Some three weeks after its introduction, a bill encompassing sweeping police reforms cleared its first committee hearing — but only after the sponsor made considerable changes.
Members of the Senate Health and Public Affairs Committee voted 4-3 Wednesday to move Senate Bill 227 to the Senate Judiciary Committee.
Among other measures, the bill would restrict police officers’ use of physical force and require them to intercede and report when they witness excessive use of force by a colleague.
Law enforcement agencies also would have to submit a report to the state within 30 days of an incident and post the report on their website for public access.
But after consulting with officials of the New Mexico branch of the American Federation of State, County and Municipal Employees, the bill’s sponsor, Sen. Linda Lopez, D-Albuquerque, removed certain provisions—including prohibiting the use of tear gas, rubber bullets or dogs in certain instances.
Gone, too, is a provision requiring law enforcement officers to wait 45 seconds after knocking before entering a residence with a search warrant.
But the use of chokeholds is still prohibited in the new substitute bill presented to committee members Wednesday.
When she first announced the legislation in early February, Lopez cited the death of George Floyd, an unarmed Black man who was killed in police custody in Minneapolis in May, as an example of the tragic consequences of allowing police officers to cross the line.
On Wednesday, she said that is an issue “not just across the nation, but here in New Mexico.”
However, several people who voiced opposition to the bill during Wednesday’s hearing said it does not take into account what police officers go through when dealing with threatening or dangerous situations.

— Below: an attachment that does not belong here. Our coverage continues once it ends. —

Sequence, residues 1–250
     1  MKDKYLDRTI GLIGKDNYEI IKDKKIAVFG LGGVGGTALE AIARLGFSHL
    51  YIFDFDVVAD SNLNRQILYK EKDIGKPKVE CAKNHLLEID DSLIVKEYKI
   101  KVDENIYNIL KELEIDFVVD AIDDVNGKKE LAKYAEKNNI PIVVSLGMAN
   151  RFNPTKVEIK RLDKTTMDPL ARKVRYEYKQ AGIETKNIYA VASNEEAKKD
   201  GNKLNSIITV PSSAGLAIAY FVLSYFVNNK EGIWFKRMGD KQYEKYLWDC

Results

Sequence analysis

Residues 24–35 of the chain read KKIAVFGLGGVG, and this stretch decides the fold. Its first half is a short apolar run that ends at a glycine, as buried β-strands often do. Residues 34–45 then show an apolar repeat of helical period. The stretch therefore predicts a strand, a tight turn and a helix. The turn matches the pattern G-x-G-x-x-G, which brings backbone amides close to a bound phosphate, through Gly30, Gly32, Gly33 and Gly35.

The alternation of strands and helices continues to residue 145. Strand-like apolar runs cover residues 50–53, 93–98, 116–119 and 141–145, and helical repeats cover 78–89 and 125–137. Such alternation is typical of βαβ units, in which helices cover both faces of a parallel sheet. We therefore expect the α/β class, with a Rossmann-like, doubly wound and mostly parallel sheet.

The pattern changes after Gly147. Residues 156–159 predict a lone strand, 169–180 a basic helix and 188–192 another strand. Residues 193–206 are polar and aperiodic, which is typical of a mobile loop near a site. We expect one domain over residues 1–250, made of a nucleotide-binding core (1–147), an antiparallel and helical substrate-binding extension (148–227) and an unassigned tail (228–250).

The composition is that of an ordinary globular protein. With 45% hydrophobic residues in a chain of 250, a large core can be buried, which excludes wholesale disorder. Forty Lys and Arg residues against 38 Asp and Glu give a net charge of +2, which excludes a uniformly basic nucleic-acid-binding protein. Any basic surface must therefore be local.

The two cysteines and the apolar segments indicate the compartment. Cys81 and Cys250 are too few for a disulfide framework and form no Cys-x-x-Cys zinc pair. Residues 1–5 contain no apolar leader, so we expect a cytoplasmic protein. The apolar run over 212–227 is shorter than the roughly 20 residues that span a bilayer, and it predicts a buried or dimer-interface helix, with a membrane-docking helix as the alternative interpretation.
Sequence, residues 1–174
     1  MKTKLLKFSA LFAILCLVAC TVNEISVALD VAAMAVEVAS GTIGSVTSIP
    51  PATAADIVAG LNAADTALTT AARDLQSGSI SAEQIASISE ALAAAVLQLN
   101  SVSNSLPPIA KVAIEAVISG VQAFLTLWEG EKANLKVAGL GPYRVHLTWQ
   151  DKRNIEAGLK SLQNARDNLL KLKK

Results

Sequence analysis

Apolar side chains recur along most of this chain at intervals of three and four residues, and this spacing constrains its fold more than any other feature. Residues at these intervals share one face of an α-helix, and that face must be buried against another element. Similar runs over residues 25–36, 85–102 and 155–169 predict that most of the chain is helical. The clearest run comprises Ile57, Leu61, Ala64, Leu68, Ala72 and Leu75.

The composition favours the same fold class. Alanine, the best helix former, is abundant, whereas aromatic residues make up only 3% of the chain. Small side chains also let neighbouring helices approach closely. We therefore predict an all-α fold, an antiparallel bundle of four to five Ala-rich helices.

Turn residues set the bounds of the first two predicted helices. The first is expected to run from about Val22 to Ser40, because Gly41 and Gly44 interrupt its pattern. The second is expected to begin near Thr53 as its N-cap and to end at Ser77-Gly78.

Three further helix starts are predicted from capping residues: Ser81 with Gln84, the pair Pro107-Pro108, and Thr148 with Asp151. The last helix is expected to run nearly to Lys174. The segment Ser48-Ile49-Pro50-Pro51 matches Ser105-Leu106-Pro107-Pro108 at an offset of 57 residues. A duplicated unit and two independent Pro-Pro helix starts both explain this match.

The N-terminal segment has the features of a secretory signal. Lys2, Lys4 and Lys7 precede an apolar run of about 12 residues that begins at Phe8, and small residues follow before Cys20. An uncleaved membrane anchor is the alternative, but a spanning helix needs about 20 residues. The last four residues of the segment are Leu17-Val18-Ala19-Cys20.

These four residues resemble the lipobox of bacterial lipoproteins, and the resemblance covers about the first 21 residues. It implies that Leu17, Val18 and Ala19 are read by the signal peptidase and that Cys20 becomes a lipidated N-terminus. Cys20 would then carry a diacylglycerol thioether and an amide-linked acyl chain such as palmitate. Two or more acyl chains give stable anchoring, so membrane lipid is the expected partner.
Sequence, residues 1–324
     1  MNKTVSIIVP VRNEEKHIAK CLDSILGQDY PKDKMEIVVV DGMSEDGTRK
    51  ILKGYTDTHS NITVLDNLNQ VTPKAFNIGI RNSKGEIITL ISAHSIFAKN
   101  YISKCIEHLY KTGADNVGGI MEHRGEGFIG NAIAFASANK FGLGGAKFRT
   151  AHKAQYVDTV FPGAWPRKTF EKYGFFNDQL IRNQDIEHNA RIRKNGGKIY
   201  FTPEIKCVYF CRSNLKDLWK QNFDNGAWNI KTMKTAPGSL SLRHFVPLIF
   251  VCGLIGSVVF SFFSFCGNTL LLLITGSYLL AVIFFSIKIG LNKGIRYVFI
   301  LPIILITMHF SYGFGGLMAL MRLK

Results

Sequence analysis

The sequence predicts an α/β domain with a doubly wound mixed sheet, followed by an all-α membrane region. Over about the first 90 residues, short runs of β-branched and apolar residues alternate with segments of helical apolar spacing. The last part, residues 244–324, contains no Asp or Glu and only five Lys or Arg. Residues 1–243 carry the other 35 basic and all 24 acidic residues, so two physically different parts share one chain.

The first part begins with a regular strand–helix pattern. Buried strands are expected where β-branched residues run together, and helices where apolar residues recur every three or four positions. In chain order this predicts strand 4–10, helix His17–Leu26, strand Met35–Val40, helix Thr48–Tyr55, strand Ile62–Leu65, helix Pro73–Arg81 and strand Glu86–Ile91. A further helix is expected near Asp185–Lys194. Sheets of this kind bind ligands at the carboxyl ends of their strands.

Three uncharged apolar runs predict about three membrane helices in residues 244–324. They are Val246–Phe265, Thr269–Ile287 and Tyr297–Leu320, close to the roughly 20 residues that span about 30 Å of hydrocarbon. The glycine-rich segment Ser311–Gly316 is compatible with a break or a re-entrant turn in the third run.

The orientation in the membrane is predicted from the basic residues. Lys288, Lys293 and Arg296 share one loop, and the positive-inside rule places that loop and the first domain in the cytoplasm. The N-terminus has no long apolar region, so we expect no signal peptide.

Clovis Police Department Chief Douglas Ford said sometimes “lethal options” are necessary when officers are dealing with “people who are out of control and violent and fighting and resisting in custody.”
Supporters of the legislation said it will not only hold law enforcement agencies accountable but require them to step up training to ensure officers are prepared to deal with such situations.
Kenneth Ellis, father of Kenneth Ellis III, a combat veteran who was shot and killed by police officers in Albuquerque during a standoff in 2010, said the legislation is necessary to ensure accountability. “If we don’t pass this bill, it’s giving them [police officers] the go-ahead to go ahead the way they want to do it,” he said. “Simply put, there’s got to be a set of standards.”
Otherwise, he added, officers can say, “Oh, I was in fear for my life and I was justified to kill.”
Sen. Gregg Schmedes, R-Tijeras, took issue with a section of the bill that said officers cannot use the motivation of “anger” as justification for using deadly force. He said police officers need to be seen as human beings. “They are people with emotions,” he said.
Schmedes joined Sen. David Gallegos, R-Eunice, and Sen. Bill Tallman, D-Albuquerque, in voting against the bill.
In recent years, New Mexico has ranked as the No. 1 state for deadly police shootings per capita. The website Mapping Police Violence reports there were 164 police shootings in the state between 2013 and 2020.
Police reform advocates in the state have long called for law enforcement agencies to implement measures to protect the public and provide more accountability.
Lopez’s bill is one of several police reform measures making their way through this year’s legislative session.